Editor’s note: The RTP Product Pipeline is a new feature for WRAL Local Tech Wire. It’s purpose is to help entrepreneurs, business leaders, educators and inventors better understand the product commercialization process. Montie Roland and Thomas Vass are co-founders of The RTP Product Development Guild, Inc. The purpose of the Guild is to provide consultancy services to startups and small companies across a wide variety of specialties. Guidance will focus on commercializing product ideas and technology. The Guild was launched by Roland is president of the Carolinas Chapter of the Product Development Management Association. Vass is an investment advisor and owner of Private Capital Market, an Internet-based private equity firm. Their column will appear on Tuesdays.
MORRISVILLE, N.C. – How do great product ideas find their way into the marketplace?
Are great product ideas born in big corporations, or do most of the really great ideas start out as a result of informal conversations between individuals?
Our weekly columns about the RTP product development pipeline will address topics related to the “fuzzy front end” of new product development and technological commercialization. The fuzzy front end is the period of time prior to commercialization where the entrepreneur is testing out ideas for getting the product to the market.
Our society, including the RTP community, has a business/social gap in terms of helping entrepreneurs through this fuzzy front end. Most of the entrepreneurial community has focused on how to help new ventures obtain capital. Our efforts are directed at a little further up the new product development pipeline, where individuals and small companies may have an idea for a great product but do not know how to commercialize the idea.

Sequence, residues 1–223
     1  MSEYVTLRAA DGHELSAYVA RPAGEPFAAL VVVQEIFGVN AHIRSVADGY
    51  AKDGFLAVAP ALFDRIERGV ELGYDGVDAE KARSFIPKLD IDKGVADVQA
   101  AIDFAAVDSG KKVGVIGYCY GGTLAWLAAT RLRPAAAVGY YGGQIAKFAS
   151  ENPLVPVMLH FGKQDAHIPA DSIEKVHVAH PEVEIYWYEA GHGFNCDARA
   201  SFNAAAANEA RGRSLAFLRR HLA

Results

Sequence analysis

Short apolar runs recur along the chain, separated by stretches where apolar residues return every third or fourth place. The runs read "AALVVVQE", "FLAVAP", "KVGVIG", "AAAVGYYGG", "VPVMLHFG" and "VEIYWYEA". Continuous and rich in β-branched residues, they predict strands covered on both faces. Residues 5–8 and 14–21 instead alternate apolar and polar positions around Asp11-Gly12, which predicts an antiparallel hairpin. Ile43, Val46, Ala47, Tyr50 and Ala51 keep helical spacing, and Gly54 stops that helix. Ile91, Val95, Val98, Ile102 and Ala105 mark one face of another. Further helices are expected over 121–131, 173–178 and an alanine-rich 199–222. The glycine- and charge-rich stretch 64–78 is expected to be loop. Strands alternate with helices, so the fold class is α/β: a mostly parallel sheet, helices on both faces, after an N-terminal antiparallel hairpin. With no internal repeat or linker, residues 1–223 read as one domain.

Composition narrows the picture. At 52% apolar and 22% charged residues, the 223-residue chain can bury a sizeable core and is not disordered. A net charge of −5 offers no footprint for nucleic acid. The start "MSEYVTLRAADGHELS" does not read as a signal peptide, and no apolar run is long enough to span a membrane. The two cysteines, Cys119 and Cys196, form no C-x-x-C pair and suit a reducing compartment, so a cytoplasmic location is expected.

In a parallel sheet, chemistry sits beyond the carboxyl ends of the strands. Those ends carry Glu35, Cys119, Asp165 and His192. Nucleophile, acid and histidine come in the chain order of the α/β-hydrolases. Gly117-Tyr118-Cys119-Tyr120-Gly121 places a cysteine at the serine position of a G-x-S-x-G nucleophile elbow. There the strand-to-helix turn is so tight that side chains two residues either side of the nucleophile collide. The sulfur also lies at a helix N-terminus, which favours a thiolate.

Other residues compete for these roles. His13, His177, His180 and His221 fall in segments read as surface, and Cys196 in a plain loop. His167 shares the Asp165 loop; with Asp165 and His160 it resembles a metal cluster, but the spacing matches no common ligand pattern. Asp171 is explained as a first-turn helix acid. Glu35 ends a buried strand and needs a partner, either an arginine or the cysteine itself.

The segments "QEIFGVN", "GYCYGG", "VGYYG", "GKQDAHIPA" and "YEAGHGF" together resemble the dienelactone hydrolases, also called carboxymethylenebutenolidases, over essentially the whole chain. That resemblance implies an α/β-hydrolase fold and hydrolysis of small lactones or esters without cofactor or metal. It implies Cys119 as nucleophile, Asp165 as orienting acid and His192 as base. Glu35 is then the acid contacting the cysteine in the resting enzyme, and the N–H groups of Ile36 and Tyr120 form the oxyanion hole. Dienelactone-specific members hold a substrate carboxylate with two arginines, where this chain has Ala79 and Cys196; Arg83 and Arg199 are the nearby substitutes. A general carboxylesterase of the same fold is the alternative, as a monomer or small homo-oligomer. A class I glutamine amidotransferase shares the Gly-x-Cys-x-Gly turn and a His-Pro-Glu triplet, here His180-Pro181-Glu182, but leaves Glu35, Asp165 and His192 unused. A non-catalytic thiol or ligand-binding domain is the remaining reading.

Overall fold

The problem for both entrepreneurs and for the design and engineering consulting community is difficult to solve. First, an entrepreneur needs advice from multiple skills and professional disciplines, yet does not have either the money or the information to find and retain the whole range of skills needed.
From the perspective of the design community and consultants, any single professional does not have the wide range of skills that the entrepreneur needs, and does not want to work for free.
This problem can be solved through a social cooperative effort where consultants agree to cooperate for a short period of time in providing structured advice on getting the entrepreneur through the fuzzy front end.
Our weekly column will boil down some of the issues that the members of the RTP Product Development Guild confront in giving advice to entrepreneurs. It will look like a weekly advice column directed to nascent entrepreneurs and budding product developers.
Topic categories will include:
• How Consultants and Entrepreneurs Do Business
• Why Most Ideas Don’t Become Products
• What Does the Local Design Community Look Like?
• Who Builds Prototypes?
If everything works out perfectly, then the rate of new product development and new venture creation will go up, and the costs associated with new product development will go down.
And, if that happens, the RTP will benefit from an increased rate of job and wealth creation.